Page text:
Drama at Le Quesnoy

King George V inspects a Canadian guard of honour at the front. - Otago Witness, 6.11.1918.
King George V inspects a Canadian guard of honour at the front. - Otago Witness, 6.11.1918.
London, November 6: The storming of Le Quesnoy was a most dramatic episode. The old town, with ancient ramparts, has been often besieged, but never saw harder fighting than the New Zealanders made yesterday.

The New Zealanders were just westward of the fortifications. A division on the right was held up by machine-guns in the chapel, until five tanks reduced them. Bombardments against the garrison failed to dislodge them. The New Zealanders tried to take Le Quesnoy by a frontal attack, and reached the outer ramparts, but were held up by machine-guns.

The old fortifications were full of Germans. Further advance by that method was impossible, so the New Zealanders worked northward and southward, picketed the town, and went ahead towards Herbigries and Jolsmetz.

There was a formidable German artillery line, and many batteries being grouped under cover of buildings and hedges, and they were firing furiously in order to protect Le Quesnoy.

Before any could be withdrawn the New Zealanders were swarming among the guns, demanding surrender.

Without stopping to count their trophies, the New Zealanders rushed the wagon lines, cutting off the transport which was on the point of galloping away.

The Le Quesnoy garrison was first aware of the catastrophe when the protective barrage suddenly ceased, leaving them perplexed, but defiant. A British aeroplane flew overhead and dropped a message demanding surrender; the only answer was another outbreak of machine-gun fire.

The New Zealand commander, after an interval sent in two parties, each with a German officer, pointing out the futility of further bloodshed; but the garrison's commander sternly declined to surrender. The New Zealanders, late in the afternoon, attacked again, pushed through the ramparts, wiped out the machine-guns, and penetrated the streets.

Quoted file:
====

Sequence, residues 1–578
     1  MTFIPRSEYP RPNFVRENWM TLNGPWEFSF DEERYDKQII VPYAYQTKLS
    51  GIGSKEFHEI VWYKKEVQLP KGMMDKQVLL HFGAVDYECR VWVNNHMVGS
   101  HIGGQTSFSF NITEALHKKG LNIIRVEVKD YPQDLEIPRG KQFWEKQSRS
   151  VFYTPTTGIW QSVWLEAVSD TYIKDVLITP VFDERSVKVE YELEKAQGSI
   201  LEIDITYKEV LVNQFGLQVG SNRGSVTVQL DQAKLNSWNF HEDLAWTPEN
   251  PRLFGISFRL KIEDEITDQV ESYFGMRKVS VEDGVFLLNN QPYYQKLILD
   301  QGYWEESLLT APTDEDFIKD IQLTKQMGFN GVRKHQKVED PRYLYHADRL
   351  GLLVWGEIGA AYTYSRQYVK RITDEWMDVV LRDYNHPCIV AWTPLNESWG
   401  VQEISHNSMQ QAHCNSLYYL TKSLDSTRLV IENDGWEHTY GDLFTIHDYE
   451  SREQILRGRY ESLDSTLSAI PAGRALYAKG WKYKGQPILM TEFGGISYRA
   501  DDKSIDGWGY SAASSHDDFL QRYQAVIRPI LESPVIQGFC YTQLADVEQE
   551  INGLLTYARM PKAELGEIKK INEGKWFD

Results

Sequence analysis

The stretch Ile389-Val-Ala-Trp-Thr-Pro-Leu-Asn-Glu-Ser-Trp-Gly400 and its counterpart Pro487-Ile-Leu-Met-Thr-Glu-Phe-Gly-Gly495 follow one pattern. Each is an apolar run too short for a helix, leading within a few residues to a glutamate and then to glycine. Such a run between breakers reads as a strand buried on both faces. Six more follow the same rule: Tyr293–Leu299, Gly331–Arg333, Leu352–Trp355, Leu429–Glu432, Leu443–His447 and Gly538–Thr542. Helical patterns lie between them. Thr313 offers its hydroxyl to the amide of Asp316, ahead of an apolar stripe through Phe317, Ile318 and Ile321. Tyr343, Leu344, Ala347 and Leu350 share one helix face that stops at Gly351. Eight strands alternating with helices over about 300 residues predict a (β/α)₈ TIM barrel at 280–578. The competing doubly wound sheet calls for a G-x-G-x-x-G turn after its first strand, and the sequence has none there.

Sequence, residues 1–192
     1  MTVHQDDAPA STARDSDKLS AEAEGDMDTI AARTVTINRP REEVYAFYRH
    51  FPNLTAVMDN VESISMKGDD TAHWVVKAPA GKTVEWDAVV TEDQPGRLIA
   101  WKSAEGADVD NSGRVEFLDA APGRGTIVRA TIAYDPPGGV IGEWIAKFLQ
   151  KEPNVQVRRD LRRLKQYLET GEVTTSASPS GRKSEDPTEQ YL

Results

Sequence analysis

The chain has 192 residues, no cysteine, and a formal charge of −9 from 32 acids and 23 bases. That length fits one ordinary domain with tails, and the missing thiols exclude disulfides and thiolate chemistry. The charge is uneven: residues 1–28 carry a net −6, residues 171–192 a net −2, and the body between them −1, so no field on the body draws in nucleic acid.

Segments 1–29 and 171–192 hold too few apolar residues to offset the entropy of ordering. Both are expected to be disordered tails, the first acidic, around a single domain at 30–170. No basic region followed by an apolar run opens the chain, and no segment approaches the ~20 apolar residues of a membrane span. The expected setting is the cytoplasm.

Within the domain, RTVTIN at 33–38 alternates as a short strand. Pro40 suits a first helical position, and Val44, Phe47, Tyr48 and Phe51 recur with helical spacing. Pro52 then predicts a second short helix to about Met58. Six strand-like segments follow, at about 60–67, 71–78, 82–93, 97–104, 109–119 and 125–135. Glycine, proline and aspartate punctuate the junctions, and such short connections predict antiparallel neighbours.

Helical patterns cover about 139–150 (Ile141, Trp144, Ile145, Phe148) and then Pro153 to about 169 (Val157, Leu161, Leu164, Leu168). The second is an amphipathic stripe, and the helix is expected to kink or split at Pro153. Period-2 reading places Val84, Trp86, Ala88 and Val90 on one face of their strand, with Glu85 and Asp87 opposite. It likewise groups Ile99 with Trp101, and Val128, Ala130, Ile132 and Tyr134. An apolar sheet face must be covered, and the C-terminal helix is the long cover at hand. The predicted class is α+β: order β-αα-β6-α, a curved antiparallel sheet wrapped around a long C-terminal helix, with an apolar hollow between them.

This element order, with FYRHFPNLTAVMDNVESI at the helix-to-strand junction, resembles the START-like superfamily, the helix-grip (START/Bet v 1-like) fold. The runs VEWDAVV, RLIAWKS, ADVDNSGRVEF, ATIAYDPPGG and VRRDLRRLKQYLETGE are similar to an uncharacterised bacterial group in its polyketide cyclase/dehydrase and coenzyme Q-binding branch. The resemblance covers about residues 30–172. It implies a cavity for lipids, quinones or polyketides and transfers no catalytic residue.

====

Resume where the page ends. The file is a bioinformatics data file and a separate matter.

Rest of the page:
They were obliged to fight their way from barricade to barricade before the remains of the garrison threw down their arms. Over a thousand prisoners were collected from cellars and improvised hiding places.

The capture of Le Quesnoy will be remembered as one of the most thrilling episodes in this campaign. It is believed to be the first time that a besieged town has been formally summoned to submit by British troops.

Flu affects court sittings

In consequence of the spread of the epidemic affecting the police force, gaol officials, and prison authorities in Auckland, it has been decided to postpone the criminal sittings of the Supreme Court for one month from Monday next.

There is no sign of the epidemic abating. The death toll is slightly over 70.

All the military camps have been visited by influenza. Two deaths are reported, one at Featherston and the other at Trentham. At Featherston 299 are in hospital. At Trentham, the total with influenza in hospital is 148.

Victory rumours

The rumours that have been in circulation regarding the capitulation of Germany were mentioned in the House of Representatives on Wednesday afternoon by Sir John Findlay (Hawke's Bay), who asked if the Prime Minister would give an assurance that any news received would be made public immediately.

The Prime Minister assured members, that when the news of the Germans' capitulation came to hand it would be published at the earliest possible moment. Not a word on the subject had come through yet.

- ODT, 8.11.1918.


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